Saturday, September 15, 2007

You just can't make a tasteful upscale film about vigilantism.

Here's a comment I left on the Hollywood Elsewhere blog, expanded here:

I'm sorry to say this but THE BRAVE ONE is the worst film Neil Jordan (best known for MONA LISA and THE CRYING GAME) has made to date--even worse than WE'RE NO ANGELS (the now-mostly-forgotten "escaped convicts on the run" period comedy/drama with Robert De Niro, Sean Penn and Demi Moore).

And Jodie Foster needs to get off her ass and work in a film each and every year--even if it's a five-minute role in a nonstudio indie (or even as a voluntary PA for AFI student video projects). This might rid her of the "I'm prestigious" curse that can sometimes mar her acting--plus the carefully-choreographed press she does with each film.

If Jodie Foster has to do a commercial film to pay the bills for herself, her significant other and the kids, far better it be something like PANIC ROOM or FLIGHT PLAN--unapologetic genre films that don't try to make Important Social Statements while being tippy-toe cautious about avoiding the risk of causing the "unsophisticated" (Jodie's description of some potential audience members in at least two THE BRAVE ONE junket interviews) to cheer for the death of one-dimensional "bad guy" characters.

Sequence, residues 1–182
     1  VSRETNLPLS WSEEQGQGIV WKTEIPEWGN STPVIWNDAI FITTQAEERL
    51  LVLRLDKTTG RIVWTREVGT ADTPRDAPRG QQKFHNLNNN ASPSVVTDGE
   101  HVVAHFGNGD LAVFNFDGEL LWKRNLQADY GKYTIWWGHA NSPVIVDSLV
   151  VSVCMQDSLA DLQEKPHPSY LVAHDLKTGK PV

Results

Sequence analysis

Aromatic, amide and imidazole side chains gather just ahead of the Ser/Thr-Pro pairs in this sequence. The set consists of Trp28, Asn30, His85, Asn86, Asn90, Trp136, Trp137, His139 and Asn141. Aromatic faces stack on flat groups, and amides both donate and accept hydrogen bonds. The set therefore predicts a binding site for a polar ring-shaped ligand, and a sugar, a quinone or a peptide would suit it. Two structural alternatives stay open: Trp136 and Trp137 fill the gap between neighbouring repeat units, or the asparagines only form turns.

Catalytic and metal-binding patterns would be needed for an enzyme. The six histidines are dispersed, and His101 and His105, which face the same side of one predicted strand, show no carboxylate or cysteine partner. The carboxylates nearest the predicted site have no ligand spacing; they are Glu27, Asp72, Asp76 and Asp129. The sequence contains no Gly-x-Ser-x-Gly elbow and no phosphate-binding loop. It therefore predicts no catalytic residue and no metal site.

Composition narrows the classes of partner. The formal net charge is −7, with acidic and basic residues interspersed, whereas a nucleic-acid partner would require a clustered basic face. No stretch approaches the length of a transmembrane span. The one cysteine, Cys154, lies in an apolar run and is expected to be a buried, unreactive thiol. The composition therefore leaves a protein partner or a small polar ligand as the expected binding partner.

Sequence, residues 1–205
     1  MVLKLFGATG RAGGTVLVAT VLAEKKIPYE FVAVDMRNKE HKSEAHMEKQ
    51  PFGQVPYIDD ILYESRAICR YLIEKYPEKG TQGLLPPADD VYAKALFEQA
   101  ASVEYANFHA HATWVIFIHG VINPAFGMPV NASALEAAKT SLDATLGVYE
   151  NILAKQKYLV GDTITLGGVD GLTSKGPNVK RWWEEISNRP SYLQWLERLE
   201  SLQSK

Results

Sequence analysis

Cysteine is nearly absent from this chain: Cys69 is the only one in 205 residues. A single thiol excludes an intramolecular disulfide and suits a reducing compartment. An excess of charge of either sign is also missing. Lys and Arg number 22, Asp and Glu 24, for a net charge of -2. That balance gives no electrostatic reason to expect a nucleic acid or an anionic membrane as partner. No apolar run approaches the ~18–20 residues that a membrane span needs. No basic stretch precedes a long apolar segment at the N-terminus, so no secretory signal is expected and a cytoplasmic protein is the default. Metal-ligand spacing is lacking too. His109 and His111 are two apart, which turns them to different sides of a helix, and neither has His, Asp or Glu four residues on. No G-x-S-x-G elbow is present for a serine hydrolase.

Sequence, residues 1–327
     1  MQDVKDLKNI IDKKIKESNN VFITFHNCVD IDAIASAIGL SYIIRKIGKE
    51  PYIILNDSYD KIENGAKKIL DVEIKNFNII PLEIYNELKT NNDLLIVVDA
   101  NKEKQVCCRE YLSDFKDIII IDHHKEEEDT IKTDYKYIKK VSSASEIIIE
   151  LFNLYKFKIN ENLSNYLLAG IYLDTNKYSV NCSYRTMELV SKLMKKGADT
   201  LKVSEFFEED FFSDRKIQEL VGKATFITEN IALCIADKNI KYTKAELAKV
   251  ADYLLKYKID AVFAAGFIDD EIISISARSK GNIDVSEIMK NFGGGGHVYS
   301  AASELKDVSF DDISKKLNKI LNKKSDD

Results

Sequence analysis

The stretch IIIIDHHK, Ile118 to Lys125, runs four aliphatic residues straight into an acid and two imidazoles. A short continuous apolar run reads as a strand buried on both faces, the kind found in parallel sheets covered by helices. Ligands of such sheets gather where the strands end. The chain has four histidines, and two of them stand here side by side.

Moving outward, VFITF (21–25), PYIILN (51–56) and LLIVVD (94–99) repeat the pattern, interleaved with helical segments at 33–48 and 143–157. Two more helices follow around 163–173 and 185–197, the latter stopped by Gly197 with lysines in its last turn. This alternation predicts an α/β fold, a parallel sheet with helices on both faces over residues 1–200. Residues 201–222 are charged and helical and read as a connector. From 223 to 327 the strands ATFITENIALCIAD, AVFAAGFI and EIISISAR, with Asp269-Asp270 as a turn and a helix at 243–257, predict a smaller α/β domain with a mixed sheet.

Basically, THE BRAVE ONE was, in terms of pretentiousness, NELL with guns:
chick-a-pea bang bang.

Sarah Silverman on Paris and MTV Movie Awards.

From a sort-of-edgy kiss-kiss exchange between Sarah Silverman and George Wayne in the current VANITY FAIR--Sarah offers insight into her future fang-and-talon attack for laughs re Britney Spears' subpar appearance on the MTV VMAs.

George Wayne: Everything I read about you seems to call you "the hostile comedienne."

Sarah Silverman: I am not hostile or mean.  You made a good point about the MTV [movie] awards.  I was great, but I was out of my element.  You are forced to talk about pop culture and make jokes about specific people and things.  My comedy is a lot more general. [keep in mind that THE SARAH SILVERMAN PROGRAM airs on Viacom property Comedy Central and MTV is another Viacom property]

George Wayne:  I was upset that you so took on the poor hapless victim Paris Hilton.  Not that I am a fan of Paris Hilton's, but it wasn't in good karma.

Sarah Silverman-If I had gone out there and not done a joke about Paris Hilton right before she was to go to prison, then I would have been considered a cop-out.  Whether you like it or not, she is an icon of pop culture.  I had to do the strongest joke, and I had no idea she would go to the MTV Movie Awards two days before prison.  When I did the setup, the crowd went insane.  My heart just sank for her, and when I looked in the audience and saw some guy with a camera right up in her face, it was sad but I couldn't not move on.  I went on with the joke.  And she is a tough cookie, too.

Update (10/3/07): Sarah, on THE VIEW, repeated the above defense, saying that she didn't do jokes re Britney not done on late-night comedy series.

Monday, September 10, 2007

What's your favorite recent Deja Vu moment?

While the corporate media wants you to pay attention to Britney's alleged subpar performance at MTV's VMA awards show (plus the Kid Rock/Tommy Lee smackdown), these Deja Vu moments have been occurring in plain sight: